Homelessness: The Invisible Epidemic

A couple of years ago at The Revolution, I wrote about accusations that some hospitals in Los Angeles had been dumping indigent and homeless patients on Skid Row but couldn’t be charged with anything because it wasn’t actually a crime to do that. Yesterday, a bill was introduced in the California State Senate that would require hospitals to discharge homeless patients to any place they designate as “home”.

For a year, reports have surfaced that hospitals here have left homeless patients on downtown streets, including a paraplegic man wearing a hospital gown and colostomy bag who witnesses say pulled himself through the streets with a plastic bag of his belongings held in his teeth.


Advocates for the homeless said it was common in many cities for homeless people still requiring medical treatment to end up on the street or at the doors of shelters ill prepared for their medical needs.

“Hospitals don’t know what to do with them, and they think it’s the homeless agencies’ responsibility,” said Michael Stoops, executive director of the National Coalition for the Homeless, a Washington advocacy group.

Mr. Stoops said local and federal laws were murky, at best, over where homeless patients should be discharged.

The proposed California law, written by members of Mr. Delgadillo’s staff and introduced by Senator Gilbert A. Cedillo, a Democrat from Los Angeles, would require hospitals to transport discharged patients to their residence or, if they lack one, to the place they identify as their home, typically a shelter.

“There currently is no law making dumping homeless hospital patients on Skid Row a crime,” Mr. Delgadillo said Thursday at a news conference. “What we really need is legal clarity that specifically prohibits it.”

This is canary-in-the-coal-mine stuff, to some extent. Though you won’t read it in the press, naturally, the homeless problem has been growing by leaps and bounds the last 6 years. The Bush Administration and the Pub Congress have cut appropriations to homeless shelters every year, and as the burden has devolved onto cities and states already strapped by everything else the Feds have dumped in their laps, hospitals have been too often put in a position where they simply don’t have anywhere to release these patients.

Asked where “home” is, homeless patients will usually identify the shelter where they go the most often for a bed or a meal but many – if not most – of these shelters are overburdened, understaffed, underfunded, and short on bedspace. The intention of the law is honorable but what good is it if the shelter identified by the patient doesn’t have room for them?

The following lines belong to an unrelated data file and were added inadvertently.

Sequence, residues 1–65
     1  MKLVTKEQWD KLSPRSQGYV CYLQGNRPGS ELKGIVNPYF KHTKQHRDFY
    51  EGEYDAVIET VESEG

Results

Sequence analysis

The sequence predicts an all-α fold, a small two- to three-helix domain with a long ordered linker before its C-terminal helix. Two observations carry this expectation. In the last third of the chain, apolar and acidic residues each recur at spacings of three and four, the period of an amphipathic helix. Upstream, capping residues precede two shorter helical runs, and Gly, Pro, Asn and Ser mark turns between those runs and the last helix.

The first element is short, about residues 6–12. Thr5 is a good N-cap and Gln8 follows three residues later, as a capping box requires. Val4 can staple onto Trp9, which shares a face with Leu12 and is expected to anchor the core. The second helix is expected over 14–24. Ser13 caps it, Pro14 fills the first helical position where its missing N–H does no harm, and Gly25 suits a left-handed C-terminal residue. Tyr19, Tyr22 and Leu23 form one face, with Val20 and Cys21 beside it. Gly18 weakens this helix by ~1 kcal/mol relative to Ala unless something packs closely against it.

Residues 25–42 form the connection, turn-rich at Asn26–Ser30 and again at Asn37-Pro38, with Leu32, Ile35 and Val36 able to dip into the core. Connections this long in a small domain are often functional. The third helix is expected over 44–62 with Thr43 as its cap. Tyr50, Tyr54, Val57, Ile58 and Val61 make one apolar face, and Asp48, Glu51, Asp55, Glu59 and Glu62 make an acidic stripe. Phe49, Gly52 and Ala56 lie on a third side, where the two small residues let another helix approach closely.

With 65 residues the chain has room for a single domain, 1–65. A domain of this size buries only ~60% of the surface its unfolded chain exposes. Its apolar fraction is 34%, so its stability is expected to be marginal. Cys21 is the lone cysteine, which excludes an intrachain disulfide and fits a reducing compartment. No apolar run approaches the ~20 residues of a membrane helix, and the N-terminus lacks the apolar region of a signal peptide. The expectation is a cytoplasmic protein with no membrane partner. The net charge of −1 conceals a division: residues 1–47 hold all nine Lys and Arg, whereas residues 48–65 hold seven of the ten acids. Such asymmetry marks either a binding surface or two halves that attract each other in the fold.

I’m not trying to defend this practice by hospitals, but it needs to be understood that they began doing this, to some degree, because they had no choice. LA is not the only city where hospitals dump homeless patients on the street. The shortage of shelter-space has become endemic across the country as the Republics starved the safety net, and hospitals are caught between rising costs and a dominant cultural disinterest in the fate of the poor. They can’t keep homeless patients indefinitely but there often isn’t a shelter with room for them when they’re ready to be discharged.

Dumping them on the street is an odious solution, but this bill isn’t going to help all that much because it isn’t aimed at the core of the problem hospitals are faced with. It isn’t going to create more shelters or make it possible for existing shelters to expand. It isn’t going to fund more bedspace, and it does nothing to attack homelessness itself.

So what is it aimed at? What most such laws are aimed at: making the homeless who have become visible invisible again.

In the last few years, led by the Social Darwinists in charge of the country, cities and states have gotten quite good at passing laws and ordinances that keep the homeless out of sight where normal people don’t have to be discomfitted by them. Not so long ago – until they were caught – Boston was rounding up its homeless population, putting them on buses, and dumping them in New Hampshire.

There’s been a zero tolerance policy toward them: zero tolerance of appropriations applied to the problem and zero tolerance of their physical presence. Faced with their growing numbers, too many localities have been content to focus on getting them out of sight by pushing them into ghettoes or outlying areas and arresting them if they show up downtown. There’s been little or no concerted effort to make a legal space for them to inhabit (the city of Seattle being the only exception I know of).

Hospitals are not responsible for this state of affairs, and hospitals can’t solve it. It’s a national problem created by automation, globalization, an exploding housing market, and a shrinking safety net. Govts, Federal and local, have done almost nothing to encourage developers to build low-cost housing units. Subsidized housing has been cut even as the need has grown. Economic growth – such as it is – has been centered on the low-wage service sector where even if you have a full-time job you don’t make enough money to keep up with rents that are going through the roof. And equally underfunded psych units and de-tox centers have been forced to release patients onto the streets long before they’re ready to be on their own.

Solving the homeless problem is going to require a concentrated effort by everybody involved, and just shoving their heads below the surface where we don’t have to see them isn’t doing anybody any good.


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